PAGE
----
Black Friday can certainly net shoppers some great holiday gift deals. But if you're not careful, experts say those "deals" could wind up costing you big in the long run by damaging your credit score.
Steve Schwartz, executive vice president of consumer services at Intersections, Inc., in Chantilly, Virginia, told WalletPop that it's easy to get caught up in the adrenaline-filled rush of Black Friday shopping. "But without a plan," Schwartz says, "consumers frequently end up with buyer's remorse." And a plunging credit score, too.
To keep Black Friday shopping from giving your score a black eye, experts say consumers need to remember a few tips.
Know your limits
Before pouring over sale ads, experts suggest scanning your credit card statements. Make note of your interest rates, available credit limit and payment cycle to avoid paying over-the-limit and more interest than necessary.
"If you're putting Black Friday on a credit card," says Schwartz, "this review reminds you of what cards you should shop with and which ones [with high interest rates] you should leave at home."
Lighten your load
Once you've identified the cards with the lowest interest rates, financial advisor and author of Deceptive Money Bob Brooks advises carry just one or two of those credit cards on Black Friday. That will reduce the chances you'll exceed your budget.
It will also cut down on the chances your identity will be stolen (if your wallet is lifted).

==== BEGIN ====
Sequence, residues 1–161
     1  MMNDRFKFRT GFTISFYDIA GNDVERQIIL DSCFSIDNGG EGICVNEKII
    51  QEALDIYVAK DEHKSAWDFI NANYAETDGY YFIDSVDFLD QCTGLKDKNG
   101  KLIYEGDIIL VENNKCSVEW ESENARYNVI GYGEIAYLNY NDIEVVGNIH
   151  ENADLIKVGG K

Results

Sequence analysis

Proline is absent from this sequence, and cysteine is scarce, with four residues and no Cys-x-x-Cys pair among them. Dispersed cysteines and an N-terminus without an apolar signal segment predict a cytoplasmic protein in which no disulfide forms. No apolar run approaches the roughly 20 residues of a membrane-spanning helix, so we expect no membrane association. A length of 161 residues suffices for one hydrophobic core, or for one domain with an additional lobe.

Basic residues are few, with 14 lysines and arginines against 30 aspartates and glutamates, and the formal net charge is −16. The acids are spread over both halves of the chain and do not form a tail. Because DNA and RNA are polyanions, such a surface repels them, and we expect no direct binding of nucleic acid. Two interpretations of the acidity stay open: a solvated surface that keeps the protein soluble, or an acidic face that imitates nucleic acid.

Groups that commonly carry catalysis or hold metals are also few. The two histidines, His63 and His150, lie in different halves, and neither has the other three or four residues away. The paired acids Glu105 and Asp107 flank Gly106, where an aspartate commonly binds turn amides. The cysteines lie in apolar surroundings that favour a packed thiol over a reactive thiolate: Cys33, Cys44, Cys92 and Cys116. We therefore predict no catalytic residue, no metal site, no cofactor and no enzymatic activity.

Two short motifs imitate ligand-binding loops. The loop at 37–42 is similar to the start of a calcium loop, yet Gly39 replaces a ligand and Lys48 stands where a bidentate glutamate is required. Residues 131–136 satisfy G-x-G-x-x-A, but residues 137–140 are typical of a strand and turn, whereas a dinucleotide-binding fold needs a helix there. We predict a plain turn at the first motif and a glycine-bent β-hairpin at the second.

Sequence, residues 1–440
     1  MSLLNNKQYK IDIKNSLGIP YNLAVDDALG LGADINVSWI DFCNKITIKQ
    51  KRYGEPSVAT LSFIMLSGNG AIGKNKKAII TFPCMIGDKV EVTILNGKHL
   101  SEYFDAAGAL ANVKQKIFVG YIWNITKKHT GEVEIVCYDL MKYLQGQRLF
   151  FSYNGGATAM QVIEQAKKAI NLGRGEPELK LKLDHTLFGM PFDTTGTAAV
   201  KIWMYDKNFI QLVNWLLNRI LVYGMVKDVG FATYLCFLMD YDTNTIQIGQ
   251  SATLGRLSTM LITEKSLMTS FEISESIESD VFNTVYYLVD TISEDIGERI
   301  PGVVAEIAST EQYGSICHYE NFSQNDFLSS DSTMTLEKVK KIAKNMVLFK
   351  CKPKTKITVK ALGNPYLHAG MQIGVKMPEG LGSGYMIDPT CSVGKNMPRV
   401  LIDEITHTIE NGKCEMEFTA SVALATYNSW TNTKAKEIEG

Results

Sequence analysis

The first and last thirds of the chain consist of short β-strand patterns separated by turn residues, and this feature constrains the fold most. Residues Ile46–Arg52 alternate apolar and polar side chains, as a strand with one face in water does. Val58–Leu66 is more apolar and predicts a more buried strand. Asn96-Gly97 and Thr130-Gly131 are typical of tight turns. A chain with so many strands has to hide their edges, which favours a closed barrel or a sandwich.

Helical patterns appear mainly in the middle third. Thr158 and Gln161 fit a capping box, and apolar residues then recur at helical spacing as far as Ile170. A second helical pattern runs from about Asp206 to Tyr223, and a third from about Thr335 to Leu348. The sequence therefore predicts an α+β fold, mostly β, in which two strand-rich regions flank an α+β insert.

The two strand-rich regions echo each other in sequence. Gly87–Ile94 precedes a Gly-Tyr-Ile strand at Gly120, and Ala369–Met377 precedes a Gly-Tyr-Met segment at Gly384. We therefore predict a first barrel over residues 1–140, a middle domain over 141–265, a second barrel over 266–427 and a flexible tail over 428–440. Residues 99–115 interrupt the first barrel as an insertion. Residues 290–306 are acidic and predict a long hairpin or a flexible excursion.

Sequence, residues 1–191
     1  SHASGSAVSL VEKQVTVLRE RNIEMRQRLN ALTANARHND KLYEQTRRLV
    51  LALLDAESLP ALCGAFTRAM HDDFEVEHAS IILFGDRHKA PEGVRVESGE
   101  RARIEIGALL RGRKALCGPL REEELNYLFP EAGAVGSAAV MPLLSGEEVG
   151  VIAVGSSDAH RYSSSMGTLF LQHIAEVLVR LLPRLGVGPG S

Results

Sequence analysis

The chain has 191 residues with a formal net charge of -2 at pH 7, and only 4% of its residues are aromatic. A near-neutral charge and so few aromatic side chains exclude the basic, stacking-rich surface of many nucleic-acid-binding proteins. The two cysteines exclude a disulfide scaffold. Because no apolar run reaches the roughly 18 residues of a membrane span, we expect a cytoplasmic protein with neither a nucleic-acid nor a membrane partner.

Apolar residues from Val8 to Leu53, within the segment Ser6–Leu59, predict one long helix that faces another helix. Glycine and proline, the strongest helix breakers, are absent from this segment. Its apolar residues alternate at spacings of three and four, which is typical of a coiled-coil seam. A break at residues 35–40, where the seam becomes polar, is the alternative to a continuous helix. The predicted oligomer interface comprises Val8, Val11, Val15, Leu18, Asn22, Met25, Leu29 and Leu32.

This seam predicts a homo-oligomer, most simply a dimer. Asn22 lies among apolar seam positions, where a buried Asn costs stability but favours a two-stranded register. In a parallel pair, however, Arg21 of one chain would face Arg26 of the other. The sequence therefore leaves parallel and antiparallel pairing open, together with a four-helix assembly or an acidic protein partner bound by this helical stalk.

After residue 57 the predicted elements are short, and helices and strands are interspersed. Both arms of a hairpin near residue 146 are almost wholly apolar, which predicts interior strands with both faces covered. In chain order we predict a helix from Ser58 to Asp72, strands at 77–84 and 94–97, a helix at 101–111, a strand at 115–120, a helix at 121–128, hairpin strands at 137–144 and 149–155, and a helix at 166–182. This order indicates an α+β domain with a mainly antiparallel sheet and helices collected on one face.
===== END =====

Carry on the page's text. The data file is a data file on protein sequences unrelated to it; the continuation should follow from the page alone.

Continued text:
Check your list
It's kept Santa on track for decades, and Schwartz says making a list - and checking it twice - will help keep Black Friday from striking a blow on your score. "Without a plan or list, shoppers are more likely to blow budgets on impulse purchases," he says.
A detailed list can prevent you from giving yourself an inflated credit card bill as a New Year's present.
Keep an eye on your bottom line
Brooks says just because you have the available credit, that doesn't mean you have to spend every last cent of it. "Maxing out credit cards can hurt your credit score," he explains, "because it increases your credit-to-debt ratio." It also ups the amount you're going to have to pay off in 2010.
To combat maxing out your cards, seasoned Black Friday shopper Diana Crabb has a fail-safe system. "I stick a post-it note with my current balance and limit on my credit cards before heading out the door," she told WalletPop in a recent interview. "That way I can keep a mental note of how close I'm getting to my balance. I always come home spending less than I expected to since I'm constantly reminded of where my credit limit stands."
Ignore instant savings
Instant at-the-register savings are tempting. But Schwartz says the immediate 10% to 15% discount offered on Black Friday's purchases if you open a new store credit card can quickly turn into paying 10% to 20% more than if you paid by cash or with an existing credit card. "In addition to the risk of racking up debt on a high-interest card that you probably won't pay off with the first bill," says Schwartz, "opening a new card can lower your credit score."
Schwartz advises shoppers to save all Black Friday paperwork, receipts and statements to compare them against your credit report, bank statement and credit card statements after the holidays. "In case there's an error," he offers, "you'll be able to spot it early and keep it from costing you too many credit score points."
Gina Roberts-Grey is a freelance writer specializing in consumer issues.